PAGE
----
The decision by Heritage Victoria to refuse the application to demolish the square’s Yarra Building to make way for a new Apple store has been welcomed by The Australian Institute of Architects.
Heritage Victoria said it had refused the application because it would cause “an unacceptable and irreversible detrimental impact on the cultural heritage significance of Federation Square” as the new building would be visually dominant, detract from the “design language” of the square and diminish the public square, the decision outlined.
In a statement released today, president at Australian Institute of Architects Victorian Chapter, Amy Muir, said the Victorian Government’s subsequent decision to launch a review into Federation Square’s future was very welcome.
“The Institute has been advocating consistently against the Victorian Government’s plans for the future of Federation Square and lack of due process since they were first announced in 2017,” Muir said.
“Our concerns were broad-ranging and we have urged that any change be well-considered, something the original plans were not. We have advocated for the preparation of a considered and coordinated masterplan to ensure any changes to Federation Square are successful in supporting the original intentions for this public asset.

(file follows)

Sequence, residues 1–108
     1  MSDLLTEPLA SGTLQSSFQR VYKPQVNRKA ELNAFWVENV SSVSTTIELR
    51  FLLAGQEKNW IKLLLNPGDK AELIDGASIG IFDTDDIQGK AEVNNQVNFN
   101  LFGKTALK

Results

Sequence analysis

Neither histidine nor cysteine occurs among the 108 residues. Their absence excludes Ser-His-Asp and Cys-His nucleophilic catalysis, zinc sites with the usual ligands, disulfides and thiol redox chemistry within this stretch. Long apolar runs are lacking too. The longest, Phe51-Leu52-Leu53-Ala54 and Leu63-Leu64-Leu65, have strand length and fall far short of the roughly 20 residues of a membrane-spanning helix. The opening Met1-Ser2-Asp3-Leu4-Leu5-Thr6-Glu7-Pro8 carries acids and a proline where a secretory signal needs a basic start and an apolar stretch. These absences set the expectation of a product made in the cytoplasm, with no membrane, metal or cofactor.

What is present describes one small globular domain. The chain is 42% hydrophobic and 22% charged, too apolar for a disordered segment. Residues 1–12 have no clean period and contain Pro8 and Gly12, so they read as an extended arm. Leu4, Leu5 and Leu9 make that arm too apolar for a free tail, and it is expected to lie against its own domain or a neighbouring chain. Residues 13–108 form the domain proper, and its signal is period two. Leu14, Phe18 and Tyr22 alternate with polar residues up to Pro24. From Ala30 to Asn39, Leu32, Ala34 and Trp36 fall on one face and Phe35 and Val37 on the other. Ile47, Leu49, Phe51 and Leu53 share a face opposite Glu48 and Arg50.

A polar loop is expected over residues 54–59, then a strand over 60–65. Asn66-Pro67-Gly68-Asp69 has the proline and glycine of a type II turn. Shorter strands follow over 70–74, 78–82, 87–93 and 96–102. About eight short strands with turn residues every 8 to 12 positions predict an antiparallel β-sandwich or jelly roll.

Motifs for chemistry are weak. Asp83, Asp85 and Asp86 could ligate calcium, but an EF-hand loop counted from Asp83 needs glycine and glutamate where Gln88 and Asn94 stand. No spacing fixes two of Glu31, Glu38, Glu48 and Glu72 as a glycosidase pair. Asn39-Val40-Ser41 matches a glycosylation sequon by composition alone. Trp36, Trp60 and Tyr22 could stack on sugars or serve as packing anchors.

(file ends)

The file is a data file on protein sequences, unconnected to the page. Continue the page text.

“Federation Square is Victoria’s premier civic and cultural space, representing celebration and public interaction. It is a building of many parts that make a whole, and it is imperative that we resist any tendency to start unpacking and removing parts. This will ultimately have a detrimental impact on the significance of the building and Federation Square precinct.”
Heritage Victoria acknowledged its refusal would have an economic impact, however, noted there was no sufficient evidence the proposed development was needed to ensure the viability of Federation Square as a whole.
“The negative impacts of the proposal are not outweighed by the benefits, including the economic benefits,” it said.
The state government has enlisted government architect Jill Garner and former managing partner of Ernst and Young Tim Eddy to review how Federation Square looks, is funded and operates.